Sparrows Point contamination in creek poses some health risk
Source: http://www.baltimoresun.com, April 21, 2016
By: Pamela Wood
More than a century of steelmaking at Sparrows Point has left contaminants in Bear Creek that pose a slight health risk to humans, according to a new report presented to the public Thursday night.
As part of the ongoing cleanup of the former steel mill in southeastern Baltimore County, the Maryland Department of the Environment and the U.S. Environmental Protection Agency have begun studying off-shore contamination.
Scientists collected samples of water, sediment, fish tissue and crab meat, and used computer models to analyze the risk.
The worst contamination in Bear Creek was near the mill’s Tin Mill Canal, which was used for decades to discharge water and wastewater into the creek. People who swim in the area face no extra risk, but people who eat a lot of fish and crabs caught there would have an increased cancer risk, according to the report, which was presented at a public meeting in Dundalk Thursday night.
Farther upstream on Bear Creek toward Dundalk, there was less contamination, and swimming in the creek posed no extra risk. Eating fish and crabs posed no extra risk, according to analysis of the fish tissue and crab meat. But computer models for eating fish and crabs showed an increased cancer risk.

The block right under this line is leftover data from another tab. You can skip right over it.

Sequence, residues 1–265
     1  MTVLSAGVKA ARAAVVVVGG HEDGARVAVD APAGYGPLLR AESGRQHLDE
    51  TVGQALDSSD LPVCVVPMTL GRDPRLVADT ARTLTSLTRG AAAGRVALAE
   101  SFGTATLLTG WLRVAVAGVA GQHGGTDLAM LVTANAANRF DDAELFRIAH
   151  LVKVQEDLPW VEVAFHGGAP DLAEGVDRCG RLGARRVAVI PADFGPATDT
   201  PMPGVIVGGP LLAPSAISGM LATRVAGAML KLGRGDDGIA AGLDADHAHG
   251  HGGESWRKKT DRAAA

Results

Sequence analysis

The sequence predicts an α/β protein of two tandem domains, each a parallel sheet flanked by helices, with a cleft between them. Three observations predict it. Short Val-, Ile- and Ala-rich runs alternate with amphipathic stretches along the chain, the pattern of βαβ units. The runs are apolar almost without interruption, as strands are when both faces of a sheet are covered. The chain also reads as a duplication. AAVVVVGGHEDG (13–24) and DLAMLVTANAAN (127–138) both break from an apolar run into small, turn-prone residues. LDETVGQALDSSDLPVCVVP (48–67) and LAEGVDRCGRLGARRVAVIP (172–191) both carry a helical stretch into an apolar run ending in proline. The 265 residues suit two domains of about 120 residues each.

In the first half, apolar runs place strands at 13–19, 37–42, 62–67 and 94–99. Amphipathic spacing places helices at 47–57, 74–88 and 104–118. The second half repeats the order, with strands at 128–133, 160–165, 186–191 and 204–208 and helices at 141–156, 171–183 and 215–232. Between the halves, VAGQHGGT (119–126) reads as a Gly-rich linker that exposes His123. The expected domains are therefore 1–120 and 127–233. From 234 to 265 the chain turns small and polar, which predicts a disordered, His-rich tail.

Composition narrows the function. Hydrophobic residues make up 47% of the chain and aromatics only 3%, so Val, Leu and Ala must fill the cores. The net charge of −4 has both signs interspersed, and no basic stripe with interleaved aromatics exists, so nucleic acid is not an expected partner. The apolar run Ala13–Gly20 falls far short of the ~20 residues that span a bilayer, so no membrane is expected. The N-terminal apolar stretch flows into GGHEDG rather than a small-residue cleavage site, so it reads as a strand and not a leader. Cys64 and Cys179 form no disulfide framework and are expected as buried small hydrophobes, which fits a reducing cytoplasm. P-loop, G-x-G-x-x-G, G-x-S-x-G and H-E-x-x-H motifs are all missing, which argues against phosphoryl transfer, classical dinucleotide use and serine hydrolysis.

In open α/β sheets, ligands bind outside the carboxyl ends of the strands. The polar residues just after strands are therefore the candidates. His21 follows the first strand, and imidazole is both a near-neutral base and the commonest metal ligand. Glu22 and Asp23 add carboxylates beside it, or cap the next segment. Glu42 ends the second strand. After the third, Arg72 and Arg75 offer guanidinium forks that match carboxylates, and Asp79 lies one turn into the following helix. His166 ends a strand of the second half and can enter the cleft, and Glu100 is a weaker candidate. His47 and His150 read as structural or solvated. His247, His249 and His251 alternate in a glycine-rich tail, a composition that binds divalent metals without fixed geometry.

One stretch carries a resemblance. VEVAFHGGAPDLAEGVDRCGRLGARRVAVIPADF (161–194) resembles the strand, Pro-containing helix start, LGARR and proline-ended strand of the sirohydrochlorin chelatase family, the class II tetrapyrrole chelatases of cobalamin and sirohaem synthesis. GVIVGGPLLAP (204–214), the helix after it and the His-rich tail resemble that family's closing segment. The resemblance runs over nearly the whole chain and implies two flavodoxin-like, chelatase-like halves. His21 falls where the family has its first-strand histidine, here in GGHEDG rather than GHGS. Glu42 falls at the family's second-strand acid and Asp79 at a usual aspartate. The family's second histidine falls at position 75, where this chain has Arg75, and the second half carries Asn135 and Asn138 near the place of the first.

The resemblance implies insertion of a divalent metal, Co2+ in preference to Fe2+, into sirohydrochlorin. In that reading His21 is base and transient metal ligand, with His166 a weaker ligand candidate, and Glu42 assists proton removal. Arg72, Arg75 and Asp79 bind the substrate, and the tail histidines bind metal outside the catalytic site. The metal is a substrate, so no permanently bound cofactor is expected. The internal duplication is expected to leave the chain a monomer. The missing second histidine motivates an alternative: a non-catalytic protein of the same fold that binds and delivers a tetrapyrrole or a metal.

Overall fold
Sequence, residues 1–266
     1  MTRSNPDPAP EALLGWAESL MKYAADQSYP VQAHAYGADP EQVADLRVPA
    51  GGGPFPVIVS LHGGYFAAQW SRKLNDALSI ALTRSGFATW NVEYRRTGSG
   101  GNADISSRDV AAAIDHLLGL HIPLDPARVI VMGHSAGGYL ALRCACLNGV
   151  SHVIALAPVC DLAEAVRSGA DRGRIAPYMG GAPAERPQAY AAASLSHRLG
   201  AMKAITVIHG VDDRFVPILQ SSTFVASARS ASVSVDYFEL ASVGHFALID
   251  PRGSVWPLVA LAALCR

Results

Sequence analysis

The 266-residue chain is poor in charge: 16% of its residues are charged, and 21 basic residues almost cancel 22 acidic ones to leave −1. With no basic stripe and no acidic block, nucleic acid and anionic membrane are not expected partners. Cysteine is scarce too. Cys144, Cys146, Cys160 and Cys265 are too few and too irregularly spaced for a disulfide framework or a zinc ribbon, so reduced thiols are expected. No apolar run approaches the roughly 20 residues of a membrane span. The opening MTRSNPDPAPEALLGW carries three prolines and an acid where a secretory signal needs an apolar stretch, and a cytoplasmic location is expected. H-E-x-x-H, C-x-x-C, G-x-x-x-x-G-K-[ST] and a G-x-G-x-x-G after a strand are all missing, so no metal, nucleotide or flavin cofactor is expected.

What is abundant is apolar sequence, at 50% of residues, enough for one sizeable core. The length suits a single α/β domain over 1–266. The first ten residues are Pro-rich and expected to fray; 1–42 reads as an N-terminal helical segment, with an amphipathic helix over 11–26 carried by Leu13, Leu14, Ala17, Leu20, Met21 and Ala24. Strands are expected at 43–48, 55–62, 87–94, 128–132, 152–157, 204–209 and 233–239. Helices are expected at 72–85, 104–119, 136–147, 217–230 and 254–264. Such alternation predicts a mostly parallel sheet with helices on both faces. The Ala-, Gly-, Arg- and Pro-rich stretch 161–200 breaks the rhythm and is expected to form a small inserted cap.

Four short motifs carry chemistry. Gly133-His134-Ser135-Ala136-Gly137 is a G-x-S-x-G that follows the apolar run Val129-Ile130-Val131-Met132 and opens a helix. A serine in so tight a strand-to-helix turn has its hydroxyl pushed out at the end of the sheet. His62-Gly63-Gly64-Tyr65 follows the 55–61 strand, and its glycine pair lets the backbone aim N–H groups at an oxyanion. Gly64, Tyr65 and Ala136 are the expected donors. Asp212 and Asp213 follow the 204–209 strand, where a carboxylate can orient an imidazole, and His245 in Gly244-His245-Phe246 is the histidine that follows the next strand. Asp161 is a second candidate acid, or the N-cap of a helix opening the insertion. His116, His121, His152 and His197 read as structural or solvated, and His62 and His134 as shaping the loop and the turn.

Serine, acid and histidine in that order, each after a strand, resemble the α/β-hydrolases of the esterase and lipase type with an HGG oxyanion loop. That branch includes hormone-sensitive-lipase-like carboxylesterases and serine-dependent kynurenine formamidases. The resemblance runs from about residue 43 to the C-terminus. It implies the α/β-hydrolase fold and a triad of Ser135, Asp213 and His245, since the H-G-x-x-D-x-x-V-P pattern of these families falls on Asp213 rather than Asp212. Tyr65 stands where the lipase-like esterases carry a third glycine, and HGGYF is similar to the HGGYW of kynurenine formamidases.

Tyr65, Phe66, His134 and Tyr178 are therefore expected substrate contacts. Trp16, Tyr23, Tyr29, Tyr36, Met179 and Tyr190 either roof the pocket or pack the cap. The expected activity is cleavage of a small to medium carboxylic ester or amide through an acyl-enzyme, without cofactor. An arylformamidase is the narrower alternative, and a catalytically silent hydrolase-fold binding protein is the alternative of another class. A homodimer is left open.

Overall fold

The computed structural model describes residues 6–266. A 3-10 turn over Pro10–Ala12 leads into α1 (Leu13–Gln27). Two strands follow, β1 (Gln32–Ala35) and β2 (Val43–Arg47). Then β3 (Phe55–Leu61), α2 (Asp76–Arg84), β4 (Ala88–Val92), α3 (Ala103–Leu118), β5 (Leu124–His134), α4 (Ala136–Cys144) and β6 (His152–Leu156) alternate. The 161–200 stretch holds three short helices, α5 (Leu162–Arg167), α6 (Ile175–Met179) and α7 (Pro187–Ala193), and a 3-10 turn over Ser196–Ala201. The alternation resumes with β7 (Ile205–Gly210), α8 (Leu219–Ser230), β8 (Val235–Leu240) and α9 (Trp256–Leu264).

MDE and EPA officials urged people to be mindful of the state’s seafood consumption advisories, which already caution people to limit the amount of fish and crabs they eat from the Patapsco River and Baltimore Harbor area, which includes the creeks around Sparrows Point.
The risk analysis assumed a person would eat 32 meals of fish and crabs caught in the creek per year, which is more than the state recommends.
Environmental regulators have not yet determined if they should take any actions to clean up the offshore contamination. Their next step is to take samples in the creeks on the opposite side of the steel mill property near the Sparrows Point neighborhood.
Meanwhile, cleanup efforts continue on the 3,100-acre former steel mill property itself, which is being redeveloped as an industrial campus called Tradepoint Atlantic.
The site was used as a steel mill for more than a century, mostly as a Bethlehem Steel facility. After a series of ownership changes, the mill closed for good in 2012.
In 2014, the current owners bought the property and entered into environmental agreements with the state and federal governments, promising to spend at least $50 million on cleanups.